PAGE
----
The tools available to molecular biologists especially in regard to gene sequencing and assembly allow investigators to produce nucleotide sequences that incorporate specific genes and gene clusters into DNA created in-situ. A team of investigators headed by Craig Venter from the J. Craig Venter Institute in La Jolla California in effect created a microorganism containing 473 genes (Syn 3.0). The purpose of this investigation was to determine the minimal amount of genetic material required to sustain life as an autonomous organism and successfully reproduce.
In 2010, Venter and his colleagues created an entire chromosome from the bacterium, Mycoplasma mycoides (this organism has only one chromosome) and demonstrated that this synthetic chromosome was completely functional. They did this by stripping out the naturally occurring DNA from the mycoplasma, M. capricolum and replacing it with the synthetic chromosome. The modified organism was called Syn 1.0 and with its complement of 901 genes was shown to be completely viable and capable of reproduction.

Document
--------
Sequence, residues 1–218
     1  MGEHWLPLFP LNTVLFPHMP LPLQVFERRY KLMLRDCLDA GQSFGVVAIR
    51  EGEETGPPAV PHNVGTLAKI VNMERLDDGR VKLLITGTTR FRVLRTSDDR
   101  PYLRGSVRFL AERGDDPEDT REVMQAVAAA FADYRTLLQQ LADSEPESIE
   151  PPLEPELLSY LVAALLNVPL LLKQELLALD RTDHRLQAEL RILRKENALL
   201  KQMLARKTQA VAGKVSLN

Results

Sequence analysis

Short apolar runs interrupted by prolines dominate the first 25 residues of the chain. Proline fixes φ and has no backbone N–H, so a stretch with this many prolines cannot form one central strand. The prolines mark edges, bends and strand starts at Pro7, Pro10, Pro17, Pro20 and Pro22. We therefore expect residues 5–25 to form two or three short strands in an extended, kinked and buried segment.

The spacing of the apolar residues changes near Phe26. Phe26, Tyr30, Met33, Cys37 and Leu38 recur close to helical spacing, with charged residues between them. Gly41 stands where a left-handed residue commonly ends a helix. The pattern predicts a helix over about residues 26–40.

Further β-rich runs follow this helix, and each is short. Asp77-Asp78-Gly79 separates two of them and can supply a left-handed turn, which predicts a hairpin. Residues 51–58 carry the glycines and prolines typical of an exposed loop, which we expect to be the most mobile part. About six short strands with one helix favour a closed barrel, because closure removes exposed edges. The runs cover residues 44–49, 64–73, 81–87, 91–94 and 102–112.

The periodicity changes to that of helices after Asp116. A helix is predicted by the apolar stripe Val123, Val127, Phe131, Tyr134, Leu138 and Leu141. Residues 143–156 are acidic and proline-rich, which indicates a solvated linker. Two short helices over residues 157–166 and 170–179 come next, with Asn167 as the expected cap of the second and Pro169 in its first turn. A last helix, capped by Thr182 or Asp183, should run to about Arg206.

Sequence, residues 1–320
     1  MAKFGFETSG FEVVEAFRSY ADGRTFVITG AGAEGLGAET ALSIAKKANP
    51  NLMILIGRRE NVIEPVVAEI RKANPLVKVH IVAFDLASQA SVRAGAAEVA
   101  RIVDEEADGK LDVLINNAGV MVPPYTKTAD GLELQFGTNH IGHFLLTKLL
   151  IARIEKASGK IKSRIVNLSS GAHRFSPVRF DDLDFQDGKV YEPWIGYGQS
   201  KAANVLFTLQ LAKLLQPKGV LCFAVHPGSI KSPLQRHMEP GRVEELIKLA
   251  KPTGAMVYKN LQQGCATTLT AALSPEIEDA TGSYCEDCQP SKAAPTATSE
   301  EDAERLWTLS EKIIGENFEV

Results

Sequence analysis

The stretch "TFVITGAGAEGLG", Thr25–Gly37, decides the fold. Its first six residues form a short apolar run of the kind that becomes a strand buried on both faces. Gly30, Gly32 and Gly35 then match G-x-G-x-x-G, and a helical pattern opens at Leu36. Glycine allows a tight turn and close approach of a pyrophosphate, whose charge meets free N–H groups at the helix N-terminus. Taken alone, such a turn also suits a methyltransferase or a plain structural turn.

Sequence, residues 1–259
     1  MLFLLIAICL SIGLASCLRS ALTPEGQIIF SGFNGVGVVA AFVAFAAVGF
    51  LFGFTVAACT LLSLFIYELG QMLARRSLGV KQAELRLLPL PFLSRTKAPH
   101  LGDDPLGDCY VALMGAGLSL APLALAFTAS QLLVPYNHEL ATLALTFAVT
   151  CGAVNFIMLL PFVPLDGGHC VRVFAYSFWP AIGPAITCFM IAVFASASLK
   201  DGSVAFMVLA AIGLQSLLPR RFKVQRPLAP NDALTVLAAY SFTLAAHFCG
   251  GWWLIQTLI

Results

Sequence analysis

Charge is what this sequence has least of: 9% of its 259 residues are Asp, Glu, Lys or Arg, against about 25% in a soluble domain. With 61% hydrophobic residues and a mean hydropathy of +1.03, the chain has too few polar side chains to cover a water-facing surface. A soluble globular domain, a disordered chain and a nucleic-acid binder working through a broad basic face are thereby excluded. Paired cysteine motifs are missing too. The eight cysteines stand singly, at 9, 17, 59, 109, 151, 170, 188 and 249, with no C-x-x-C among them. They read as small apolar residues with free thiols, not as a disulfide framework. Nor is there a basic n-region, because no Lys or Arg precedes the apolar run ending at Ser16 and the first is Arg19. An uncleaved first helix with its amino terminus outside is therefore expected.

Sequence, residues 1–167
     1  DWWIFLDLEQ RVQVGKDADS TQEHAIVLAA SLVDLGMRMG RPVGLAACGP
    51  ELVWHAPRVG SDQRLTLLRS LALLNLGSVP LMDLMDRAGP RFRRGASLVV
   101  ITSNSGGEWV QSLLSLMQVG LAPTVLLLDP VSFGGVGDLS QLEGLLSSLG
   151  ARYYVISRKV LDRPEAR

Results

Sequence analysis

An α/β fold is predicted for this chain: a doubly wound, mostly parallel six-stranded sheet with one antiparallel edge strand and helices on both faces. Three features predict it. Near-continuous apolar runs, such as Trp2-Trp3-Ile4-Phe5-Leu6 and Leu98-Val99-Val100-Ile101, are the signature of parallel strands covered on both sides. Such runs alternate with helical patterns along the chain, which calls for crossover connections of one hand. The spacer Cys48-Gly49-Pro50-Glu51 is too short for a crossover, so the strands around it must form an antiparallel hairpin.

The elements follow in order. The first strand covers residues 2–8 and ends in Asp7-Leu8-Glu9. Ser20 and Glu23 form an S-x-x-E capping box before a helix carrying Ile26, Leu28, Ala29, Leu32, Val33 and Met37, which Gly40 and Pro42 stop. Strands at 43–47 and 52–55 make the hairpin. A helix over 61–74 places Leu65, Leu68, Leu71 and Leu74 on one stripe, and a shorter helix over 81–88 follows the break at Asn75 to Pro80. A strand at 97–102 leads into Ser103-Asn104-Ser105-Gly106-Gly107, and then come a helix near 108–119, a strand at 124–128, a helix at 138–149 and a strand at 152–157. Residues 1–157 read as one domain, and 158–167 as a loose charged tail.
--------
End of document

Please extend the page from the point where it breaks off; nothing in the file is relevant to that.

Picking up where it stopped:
With this material in hand, the investigative group sought to assemble Syn 3.0 by methodically whittling down the DNA in Syn 1.0 to the smallest number of genes required to sustain life. The result of this painstaking work was Syn 3.0
What makes this current result so remarkable is that this organism is entirely new. Of the 473 genes, 149 (31.5%) are of unknown function; therefore, additional work will focus on the discovery of the function of these apparently essential genes. Syn 3.0 may prove to be an invaluable tool in understanding the evolution of life on planet earth.